The Road

by Cormac McCarthy

  General / Positive Reviews
  Critical Reviews
  A Dark, Lyrical Meditation on Love's Dedication *****

"The nights were blinding cold and casket black and the long reach of the morning had a terrible silence to it."

"...Creedless shells of men tottering down the causeways like migrants in a feverland."

I neither buy nor read collections of poetry. I can count the poems I know, at least the non-limerick ones, on a single hand. I'm not a fan of poetry, and I truly see much of it as overblown, a good thing taken to a ridiculously inflated extreme. This book isn't poetry, but it's also not pure narrative. It's somewhere in the gray between, and I enjoyed every single page of it.

McCarthy had me on the 14th line when I read "granitic beast." No, I didn't have to be told this was a reference to stone. Its use here, early in the work, deliberate, familiar yet uncommon, communicated to me exactly what this book would be about, and more importantly how it would be told, and I couldn't wait to ingest it. The contemplated and intentional use of this word in this place told me of texture and color and temperature, and its context told me of fear, uncertainty, cruelty, and the close specter of menace. I was hooked before the first page was done.

I enjoyed this book's writing style immensely, its story simple and told in a manner that came to me clearly, instantly creating depth with a minimum of prose. Words like "envaccuuming," and phrases like "isocline of death" were absolutely brilliant--I bite my hand melodramatically wishing I'd written them. This highly evocative austerity was mirrored in the father's and the son's conversations, in which so little was said, but in which I was seeing absolutely clearly the cant of a head, a look in the eyes, the faintest curl of smile. I was reminded very happily of the magnificent work of James Dickey, especially To the White Sea.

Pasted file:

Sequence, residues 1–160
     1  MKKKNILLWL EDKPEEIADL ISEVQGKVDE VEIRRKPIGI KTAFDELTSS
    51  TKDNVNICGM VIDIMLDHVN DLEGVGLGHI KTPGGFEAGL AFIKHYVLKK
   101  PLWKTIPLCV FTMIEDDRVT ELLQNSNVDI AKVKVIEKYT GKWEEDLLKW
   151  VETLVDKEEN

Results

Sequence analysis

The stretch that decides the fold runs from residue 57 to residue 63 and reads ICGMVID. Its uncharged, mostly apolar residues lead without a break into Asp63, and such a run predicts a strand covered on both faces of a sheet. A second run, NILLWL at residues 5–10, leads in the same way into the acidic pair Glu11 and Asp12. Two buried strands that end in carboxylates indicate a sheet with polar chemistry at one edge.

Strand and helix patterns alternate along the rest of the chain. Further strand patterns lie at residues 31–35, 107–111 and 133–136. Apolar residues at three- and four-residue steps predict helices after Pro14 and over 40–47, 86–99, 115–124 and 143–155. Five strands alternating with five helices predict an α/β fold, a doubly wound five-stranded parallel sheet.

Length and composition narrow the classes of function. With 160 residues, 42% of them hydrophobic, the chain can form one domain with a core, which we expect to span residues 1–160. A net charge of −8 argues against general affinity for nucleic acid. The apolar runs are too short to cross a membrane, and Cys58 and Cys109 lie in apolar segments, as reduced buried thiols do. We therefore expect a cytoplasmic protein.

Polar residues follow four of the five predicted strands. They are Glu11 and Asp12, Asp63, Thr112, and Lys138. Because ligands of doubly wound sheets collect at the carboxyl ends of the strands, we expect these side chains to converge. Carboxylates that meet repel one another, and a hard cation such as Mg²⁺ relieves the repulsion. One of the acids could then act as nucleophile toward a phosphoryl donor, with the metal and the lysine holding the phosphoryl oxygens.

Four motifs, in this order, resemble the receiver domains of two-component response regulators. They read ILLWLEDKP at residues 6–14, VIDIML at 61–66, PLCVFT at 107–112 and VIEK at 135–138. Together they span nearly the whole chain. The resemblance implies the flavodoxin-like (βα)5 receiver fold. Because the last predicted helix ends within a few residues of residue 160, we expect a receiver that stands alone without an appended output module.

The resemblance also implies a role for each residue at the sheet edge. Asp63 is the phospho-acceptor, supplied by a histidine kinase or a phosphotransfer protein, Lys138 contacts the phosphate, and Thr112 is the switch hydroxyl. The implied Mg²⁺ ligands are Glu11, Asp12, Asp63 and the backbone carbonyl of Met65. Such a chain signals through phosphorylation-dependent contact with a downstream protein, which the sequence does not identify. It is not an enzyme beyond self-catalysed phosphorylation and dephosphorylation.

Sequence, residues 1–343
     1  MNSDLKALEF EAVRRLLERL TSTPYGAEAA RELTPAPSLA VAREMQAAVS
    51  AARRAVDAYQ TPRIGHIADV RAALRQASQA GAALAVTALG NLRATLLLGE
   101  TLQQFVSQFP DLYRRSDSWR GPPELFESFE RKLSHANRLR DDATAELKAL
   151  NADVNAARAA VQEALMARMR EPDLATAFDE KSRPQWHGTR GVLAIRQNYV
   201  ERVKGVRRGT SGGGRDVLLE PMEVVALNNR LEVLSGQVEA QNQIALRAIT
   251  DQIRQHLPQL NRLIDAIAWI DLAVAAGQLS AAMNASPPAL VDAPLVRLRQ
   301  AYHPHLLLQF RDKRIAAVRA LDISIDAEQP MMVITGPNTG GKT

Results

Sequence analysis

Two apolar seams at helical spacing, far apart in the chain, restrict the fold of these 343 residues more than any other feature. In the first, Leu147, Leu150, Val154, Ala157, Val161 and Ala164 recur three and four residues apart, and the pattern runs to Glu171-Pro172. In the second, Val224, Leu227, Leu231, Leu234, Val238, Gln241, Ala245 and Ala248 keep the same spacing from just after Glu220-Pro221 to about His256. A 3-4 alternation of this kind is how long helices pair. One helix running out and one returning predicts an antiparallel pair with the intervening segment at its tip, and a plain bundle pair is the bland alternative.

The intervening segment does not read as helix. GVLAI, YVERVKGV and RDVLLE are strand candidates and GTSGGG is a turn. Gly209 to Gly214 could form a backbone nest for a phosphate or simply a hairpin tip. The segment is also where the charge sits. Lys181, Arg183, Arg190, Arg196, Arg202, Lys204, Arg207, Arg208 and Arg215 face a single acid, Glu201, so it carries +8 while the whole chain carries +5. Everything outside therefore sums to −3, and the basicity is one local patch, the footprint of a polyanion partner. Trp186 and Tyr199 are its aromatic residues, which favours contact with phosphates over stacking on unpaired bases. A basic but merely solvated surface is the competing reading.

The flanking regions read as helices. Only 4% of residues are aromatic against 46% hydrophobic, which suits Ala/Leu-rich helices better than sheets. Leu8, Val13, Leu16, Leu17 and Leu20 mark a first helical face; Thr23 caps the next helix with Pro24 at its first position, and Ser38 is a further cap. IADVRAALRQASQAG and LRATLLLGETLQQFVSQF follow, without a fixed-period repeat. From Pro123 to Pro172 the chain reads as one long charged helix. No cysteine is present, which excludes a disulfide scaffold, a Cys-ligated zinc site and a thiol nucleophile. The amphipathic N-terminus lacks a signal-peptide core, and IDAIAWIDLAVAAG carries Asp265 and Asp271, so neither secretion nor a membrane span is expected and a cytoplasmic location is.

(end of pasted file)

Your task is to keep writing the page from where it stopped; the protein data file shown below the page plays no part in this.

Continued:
And the wonderfully lyrical story unfolded. No, I didn't need quotation marks or crucial apostrophes. There was never any question what was happening, who was saying what or where the story was headed. Honestly, do they care about proper punctuation in the wasteland? I didn't miss a thing, and the modestly different narrative presentation didn't faze me in the least. In fact, it reminded me instantly of e e cummings. Ah, reluctantly back to poetry. Later on when the pair made it to the sea, and the prose touched on "...shuttling..," instantly T. S. Eliot's classic came to mind.

I very much enjoyed the father, an object lesson in survival and just what that takes. He not only was educated, but also remembered it and knew how and when to apply it. He was inventive, attentive and observant, and deliberately learned from every experience. He anticipated, adapted and showed the courage to take immediate action, having thought through consequences beforehand. He was no MacGyver, but from the opening minutes of the crisis he knew what was at hand; his survival, and his son's, were due to his seriousness and intelligence and his application of them.